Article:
DEC 07, 2016 7:59 AM PST

Scripps Florida Scientists Uncover Potential Driver of Age- and Alzheimer's-Related Memory Loss


JUPITER, FL – December 7, 2016 – Scientists from the Florida campus of The Scripps Research Institute (TSRI) have made an important discovery toward the development of drugs to treat age-related memory loss in diseases like Alzheimer’s. They found that reduced levels of a protein called Rheb result in spontaneous symptoms of memory loss in animal models and are linked to increased levels of another protein known to be elevated in the brains of Alzheimer’s disease patients.

Their study, led by TSRI Associate Professor Srinivasa Subramaniam, was published recently online ahead of print in the journal Neurobiology of Aging.
 

Link to Known Alzheimer’s Trigger


In the new study, Subramaniam’s group investigated the link between Rheb and an important enzyme called BACE1, which is elevated in older adults and people with Alzheimer’s disease.

“We know that Rheb regulates BACE1, which is a major drug target in Alzheimer’s disease,” Subramaniam said. “Studies of the autopsied brains of Alzheimer’s patients have found a significant reduction in Rheb, so it is possible that an increase in Rheb could reverse the buildup of amyloid plaque or help reduce or even reverse age-related memory loss.”

To uncover the impact of eliminating Rheb, Subramaniam and his colleagues put genetically altered mice through a battery of behavior tests beginning at around six months of age.

While Rheb depletion did not affect the overall body weight or motor activity of the animals, it did have subtle and selective effects on certain memory tasks they performed, such as navigating a maze and memory recall. The researchers compared these symptoms to memory deficits that occur in humans with Alzheimer’s disease and related dementia.

They also found that Rheb depletion increased BACE1 levels, which was consistent with previous research showing that higher BACE1 levels may be a contributing factor for memory deficits.

The fact that some research shows that Rheb messenger RNA is induced during protein starvation in fruit flies, led Subramaniam and his colleagues to theorize that a high-protein diet in humans might be a risk factor for decreasing Rheb levels with age, resulting in mild-to-severe cognitive deficits, as seen in animal models.

“This is an indication that nutrient signaling might regulate cognitive functions in mammals through alteration of Rheb–BACE1 pathway activity,” Subramaniam said.

“Overall, our study demonstrates that forebrain Rheb depletion promotes aging-associated cognitive defects,” said Neelam Shahani, the first author of the study. “Targeting the Rheb pathway may offer some therapeutic potential for aging- or Alzheimer’s disease-associated memory deficits.”

In addition to Subramaniam and Shahani, other authors of the study, “Forebrain Depletion of Rheb GTPase Elicits Spatial Memory Deficits in Mice,” are TSRI’s Wen-Chin Huang, Megan Varnum and Damon T. Page.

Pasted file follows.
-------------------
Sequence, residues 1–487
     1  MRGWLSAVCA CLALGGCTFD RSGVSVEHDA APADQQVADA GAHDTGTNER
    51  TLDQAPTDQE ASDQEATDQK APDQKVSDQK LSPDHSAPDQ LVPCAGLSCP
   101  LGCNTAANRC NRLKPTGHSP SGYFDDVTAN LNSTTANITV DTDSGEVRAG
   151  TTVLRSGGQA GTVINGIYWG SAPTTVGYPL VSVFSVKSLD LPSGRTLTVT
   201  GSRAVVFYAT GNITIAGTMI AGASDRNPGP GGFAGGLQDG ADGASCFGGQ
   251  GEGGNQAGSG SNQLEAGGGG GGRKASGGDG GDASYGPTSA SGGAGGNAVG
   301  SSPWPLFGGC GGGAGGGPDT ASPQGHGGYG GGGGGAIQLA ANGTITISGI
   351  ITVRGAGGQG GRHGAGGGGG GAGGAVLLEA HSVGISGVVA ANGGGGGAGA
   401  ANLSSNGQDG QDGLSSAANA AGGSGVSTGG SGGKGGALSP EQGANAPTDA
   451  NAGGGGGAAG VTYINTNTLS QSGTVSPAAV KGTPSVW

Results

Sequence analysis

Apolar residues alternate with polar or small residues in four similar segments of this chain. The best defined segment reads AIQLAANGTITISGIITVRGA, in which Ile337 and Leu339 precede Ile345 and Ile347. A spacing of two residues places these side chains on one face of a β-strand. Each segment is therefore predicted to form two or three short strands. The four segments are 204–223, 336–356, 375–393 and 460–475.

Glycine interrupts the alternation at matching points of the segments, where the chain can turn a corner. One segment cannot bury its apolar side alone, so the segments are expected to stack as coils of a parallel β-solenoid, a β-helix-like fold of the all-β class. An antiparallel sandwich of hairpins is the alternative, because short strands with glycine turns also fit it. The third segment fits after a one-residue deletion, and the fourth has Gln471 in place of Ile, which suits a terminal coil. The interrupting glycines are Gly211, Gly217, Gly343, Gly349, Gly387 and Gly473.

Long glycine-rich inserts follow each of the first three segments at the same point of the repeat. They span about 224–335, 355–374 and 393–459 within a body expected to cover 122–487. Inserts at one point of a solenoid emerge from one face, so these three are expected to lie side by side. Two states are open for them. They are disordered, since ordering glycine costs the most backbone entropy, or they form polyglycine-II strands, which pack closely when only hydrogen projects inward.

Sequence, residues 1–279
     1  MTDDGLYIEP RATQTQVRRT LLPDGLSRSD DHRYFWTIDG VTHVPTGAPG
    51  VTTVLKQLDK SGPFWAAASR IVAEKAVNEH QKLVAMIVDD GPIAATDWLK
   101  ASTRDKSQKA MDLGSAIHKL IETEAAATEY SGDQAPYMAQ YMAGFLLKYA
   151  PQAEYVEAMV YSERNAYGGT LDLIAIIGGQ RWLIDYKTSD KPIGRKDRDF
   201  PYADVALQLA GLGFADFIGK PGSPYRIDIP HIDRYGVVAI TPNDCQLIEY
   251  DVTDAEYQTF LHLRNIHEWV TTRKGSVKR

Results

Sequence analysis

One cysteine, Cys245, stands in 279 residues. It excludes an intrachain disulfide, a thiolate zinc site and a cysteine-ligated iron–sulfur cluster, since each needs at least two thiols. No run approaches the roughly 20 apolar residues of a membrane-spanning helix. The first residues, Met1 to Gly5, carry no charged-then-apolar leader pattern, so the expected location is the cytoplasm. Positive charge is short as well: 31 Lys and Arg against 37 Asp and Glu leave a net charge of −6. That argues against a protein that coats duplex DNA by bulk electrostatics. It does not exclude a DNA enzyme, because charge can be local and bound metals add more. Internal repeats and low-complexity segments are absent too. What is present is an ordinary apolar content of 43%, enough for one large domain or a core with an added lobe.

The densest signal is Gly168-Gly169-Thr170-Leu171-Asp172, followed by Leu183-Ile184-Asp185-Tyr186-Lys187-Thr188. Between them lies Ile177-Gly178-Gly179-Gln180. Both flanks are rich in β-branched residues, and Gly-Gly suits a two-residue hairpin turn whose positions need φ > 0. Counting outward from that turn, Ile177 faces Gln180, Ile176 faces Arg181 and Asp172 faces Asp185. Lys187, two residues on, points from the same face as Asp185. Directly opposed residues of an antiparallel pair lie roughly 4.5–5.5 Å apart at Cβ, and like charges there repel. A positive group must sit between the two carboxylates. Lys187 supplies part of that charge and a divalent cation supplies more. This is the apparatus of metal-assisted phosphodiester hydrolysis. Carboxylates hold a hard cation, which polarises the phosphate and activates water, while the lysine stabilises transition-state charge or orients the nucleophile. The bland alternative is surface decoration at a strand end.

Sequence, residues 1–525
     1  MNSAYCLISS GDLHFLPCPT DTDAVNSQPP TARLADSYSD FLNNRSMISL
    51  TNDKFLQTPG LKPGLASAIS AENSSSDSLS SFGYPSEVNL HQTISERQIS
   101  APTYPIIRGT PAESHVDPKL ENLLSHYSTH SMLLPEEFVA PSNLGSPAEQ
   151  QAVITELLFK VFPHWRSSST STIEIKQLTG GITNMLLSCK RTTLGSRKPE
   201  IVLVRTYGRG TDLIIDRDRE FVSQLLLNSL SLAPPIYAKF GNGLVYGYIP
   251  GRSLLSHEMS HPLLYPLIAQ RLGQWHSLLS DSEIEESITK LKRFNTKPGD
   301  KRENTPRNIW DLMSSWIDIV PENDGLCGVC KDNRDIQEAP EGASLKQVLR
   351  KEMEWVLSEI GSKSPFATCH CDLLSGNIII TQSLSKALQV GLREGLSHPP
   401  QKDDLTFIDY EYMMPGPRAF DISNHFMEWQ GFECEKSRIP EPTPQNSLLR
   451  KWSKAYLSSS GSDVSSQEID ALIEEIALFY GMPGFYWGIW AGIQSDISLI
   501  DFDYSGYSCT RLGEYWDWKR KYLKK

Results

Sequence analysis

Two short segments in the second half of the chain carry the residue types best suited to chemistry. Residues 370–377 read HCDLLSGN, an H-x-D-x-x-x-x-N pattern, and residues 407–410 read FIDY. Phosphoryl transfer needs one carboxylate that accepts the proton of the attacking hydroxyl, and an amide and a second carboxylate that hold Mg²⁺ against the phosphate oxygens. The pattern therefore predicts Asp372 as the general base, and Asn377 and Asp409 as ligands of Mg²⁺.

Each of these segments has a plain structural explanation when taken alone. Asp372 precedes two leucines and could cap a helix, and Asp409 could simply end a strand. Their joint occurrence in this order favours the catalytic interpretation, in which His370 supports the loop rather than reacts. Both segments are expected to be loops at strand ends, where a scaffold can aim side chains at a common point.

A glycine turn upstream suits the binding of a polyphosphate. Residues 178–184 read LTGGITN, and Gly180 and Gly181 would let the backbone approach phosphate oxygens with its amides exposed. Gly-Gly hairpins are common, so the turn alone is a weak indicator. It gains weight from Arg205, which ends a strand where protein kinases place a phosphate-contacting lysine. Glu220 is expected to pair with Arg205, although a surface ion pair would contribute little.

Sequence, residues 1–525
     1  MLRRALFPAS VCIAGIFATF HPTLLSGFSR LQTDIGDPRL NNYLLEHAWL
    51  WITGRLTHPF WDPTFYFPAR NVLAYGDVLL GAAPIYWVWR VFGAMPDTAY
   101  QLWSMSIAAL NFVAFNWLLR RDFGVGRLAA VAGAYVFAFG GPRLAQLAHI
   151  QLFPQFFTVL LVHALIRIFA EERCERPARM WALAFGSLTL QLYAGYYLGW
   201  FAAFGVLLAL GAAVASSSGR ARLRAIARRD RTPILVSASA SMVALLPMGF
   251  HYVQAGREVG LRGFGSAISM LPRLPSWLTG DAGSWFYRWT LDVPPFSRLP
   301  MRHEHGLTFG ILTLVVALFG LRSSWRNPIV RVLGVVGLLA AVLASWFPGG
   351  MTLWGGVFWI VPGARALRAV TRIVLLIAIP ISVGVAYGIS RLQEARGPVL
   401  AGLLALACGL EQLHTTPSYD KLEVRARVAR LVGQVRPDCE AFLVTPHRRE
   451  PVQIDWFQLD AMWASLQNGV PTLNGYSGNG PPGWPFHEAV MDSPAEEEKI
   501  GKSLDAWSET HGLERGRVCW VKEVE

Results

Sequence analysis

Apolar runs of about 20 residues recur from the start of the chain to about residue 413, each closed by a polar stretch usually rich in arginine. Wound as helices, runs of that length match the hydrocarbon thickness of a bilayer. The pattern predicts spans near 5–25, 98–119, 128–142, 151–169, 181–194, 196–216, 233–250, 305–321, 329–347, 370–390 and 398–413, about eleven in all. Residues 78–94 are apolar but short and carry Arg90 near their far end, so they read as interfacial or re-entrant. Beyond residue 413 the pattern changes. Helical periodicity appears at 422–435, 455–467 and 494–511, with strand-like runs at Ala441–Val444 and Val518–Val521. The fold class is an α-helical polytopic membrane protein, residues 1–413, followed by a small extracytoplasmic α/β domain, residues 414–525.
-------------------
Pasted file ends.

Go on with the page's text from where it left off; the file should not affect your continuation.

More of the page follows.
This work was supported by the National Institutes of Health (grants NIH/NINDS R01-NS087019, NIH/NINDS R01-NS094577, and NIH/NIMH R01-MH105610), Ms. Nancy Lurie Marks and the Alzheimer’s Disease Association (grant 2015-NIRG-344356).

This article was originally published on Scripps.edu.
About the Author
  • The Scripps Research Institute (TSRI) is one of the world's largest independent, not-for-profit organizations focusing on research in the biomedical sciences. TSRI is internationally recognized for its contributions to science and health, including its role in laying the foundation for new treatments for cancer, rheumatoid arthritis, hemophilia, and other diseases. An institution that evolved from the Scripps Metabolic Clinic founded by philanthropist Ellen Browning Scripps in 1924, the institute now employs about 2,700 people on its campuses in La Jolla, CA, and Jupiter, FL, where its renowned scientists-including two Nobel laureates-work toward their next discoveries. The institute's graduate program, which awards PhD degrees in biology and chemistry, ranks among the top ten of its kind in the nation. For more information, see www.scripps.edu.
You May Also Like
APR 24, 2020
Health & Medicine
APR 24, 2020
Study Shows Marijuana Withdrawal is Real
Whether or not an addiction to marijuana is a risk of the drug has been widely debated, with the general population typi ...
APR 27, 2020
Cardiology
APR 27, 2020
Almost Half of College Female Athletes Have High Blood Pressure
According to the World Health Organization (WHO) an estimated 1.13 billion people worldwide have hypertension, or high b ...
MAY 05, 2020
Microbiology
MAY 05, 2020
How a Microbe May Help Stop the Spread of Malaria
Scientists have discovered a bacterium that lives in mosquitoes around Lake Victoria, and appears to block malaria.
MAY 12, 2020
Immunology
MAY 12, 2020
Disabling Genes in Immune Cells Prevents Obesity
Obesity is a $1.7 trillion problem in the United States — a value almost 10% of the nation’s gross domestic ...
MAY 26, 2020
Genetics & Genomics
MAY 26, 2020
Some People May be Predisposed to Metastasis if They Get Cancer
Cancer can occur for many reasons and is influenced by many different factors, including genes and the environment. But ...
MAY 17, 2020
Technology
MAY 17, 2020
How Real is Video Game Addiction?
How real is video game addiction? We often hear of the negative implications for long-term video game use but is it fair ...
Loading Comments...